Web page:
Chemicals lurking in your Cosmetics

Before you leave your house in the morning, you might be relying on some harsh and even toxic chemicals to help you look good. From shampoos and shaving creams to skin products and makeup, we cannot imagine a day without our personal care products.

Most cosmetics are a chemical mix of about 200 compounds. These synthetic chemicals are often industrial grade and may not be suitable for regular human use. Some of these synthetic chemicals have even been linked to cancer, infertility and birth defects.

About 60% of the topical applicants are absorbed into the body – And this is a major cause of concern. Most often the combination of chemicals is dangerous and deadly over prolonged use.

Know more about some common chemicals found in cosmetics and their potential dangers:

Acetone: Used in hair spray, nail polish remover, foot treatment and skin lighteners

Possible health hazards: May cause dizziness, eye skin irritation, etc.

Benzoyl peroxide: Used in OTC acne products

Possible health hazards: May cause tumor, skin irritation, eye irritation and drying/flaking of skin. The chemical and its derivatives may act as a mutagen that may damage the human DNA. BP is also said to generate free radicals.

Butyl acetate: Present in nail polish and nail strengtheners

Possible health hazards: Vapor from this chemical may cause dizziness or drowsiness. Prolonged usage may result in dry and broken skin. This ingredient is suspected of causing neurotoxicity.


BHA (butylated hydroxyanisole) and BHT (butylated hydroxytoluene): Used in moisturizer and makeup, it is also used as a preservative in lipsticks, moisturizers etc.

Possible health hazards: May cause allergy, may act as a carcinogen, can cause hormonal imbalance too

Coal tar: Used in colorants, to soften skin and to prevent scaling. P-phenylenediamine is a particular coal tar dye used in many hair dyes. Synonyms for coal tar include naphtha, naphtha distillate, benzin B70, or petroleum benzin.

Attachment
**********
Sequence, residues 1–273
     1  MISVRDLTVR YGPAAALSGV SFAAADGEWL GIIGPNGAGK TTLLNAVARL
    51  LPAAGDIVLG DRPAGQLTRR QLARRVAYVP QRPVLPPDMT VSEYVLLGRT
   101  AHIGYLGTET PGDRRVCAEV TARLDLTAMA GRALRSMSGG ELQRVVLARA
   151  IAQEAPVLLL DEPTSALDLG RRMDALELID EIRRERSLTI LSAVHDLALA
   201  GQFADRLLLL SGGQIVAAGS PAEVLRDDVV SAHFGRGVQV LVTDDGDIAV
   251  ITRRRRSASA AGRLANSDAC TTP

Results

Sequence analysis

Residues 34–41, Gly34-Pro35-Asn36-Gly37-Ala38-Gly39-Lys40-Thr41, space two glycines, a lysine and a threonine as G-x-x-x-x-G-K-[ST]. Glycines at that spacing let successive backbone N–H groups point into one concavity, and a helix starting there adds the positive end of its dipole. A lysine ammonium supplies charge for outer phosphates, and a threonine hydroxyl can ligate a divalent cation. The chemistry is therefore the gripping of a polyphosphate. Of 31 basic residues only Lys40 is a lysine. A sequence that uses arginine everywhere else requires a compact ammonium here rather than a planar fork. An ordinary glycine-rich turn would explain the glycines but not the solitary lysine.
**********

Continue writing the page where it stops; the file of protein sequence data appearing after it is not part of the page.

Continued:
Possible health hazards: Carcinogenic agent


DBP (dibutyl phthalate): Used in nail related products to bring in sheen and polish and helps in dissolving other cosmetic ingredients. Used in hair sprays too.

Possible health hazards: May cause cancer, asthma, reproductive problems, etc.

Diethanolamine (DEA), cocamide DEA, lauramide DEA: Used as a foaming agent in shampoos, baby wash, shaving cream, moisturizers, etc.

Possible side effects: Can be absorbed into the skin though the pores and may turn to be carcinogenic. It may also rob the body of essential choline that is required for the fetal brain development. DEA can react with other ingredients in the cosmetic formula to form an extremely potent carcinogen called nitrosodiethanolamine (NDEA).


Formaldehyde/formaldehyde releasers: Present as a disinfectant and preservative in nail polish, soap, deodorant, shaving cream and other personal care products. Formaldehyde may not be listed as a separate ingredient but can result from the breakdown of other ingredients like diazolidinyl urea, quaternium compounds etc.

Possible health hazards: May cause cancer, eye irritation, genetic damage, immune system damage and asthma. The European Union has banned the use of formaldehyde in any form in cosmetics.

Lurking danger in your cosmetics

Glycol ethers: Widely used in nail polish, deodorants and perfumes. Works as a mutual solvent for many cosmetic ingredients.

Possible health hazards: May cause skin and eye irritation, fatigue, nausea, anemia and may interfere with the human reproductive system


Lanolin: Though considered safe for use in all kinds of cosmetics, lanolin may be contaminated with carcinogenic organo-phosphate pesticides and other chemicals that were used on the sheep. Allergic reactions such as rash, dizziness, itching and difficulty in breathing are also noticed.


Lead: Found in toothpaste, lipstick and other personal care products

Possible health hazards: Being a neurotoxin, lead can cause cCancer, developmental and reproductive toxicity, organ system toxicity, allergies and immunotoxicity, bioaccumulation.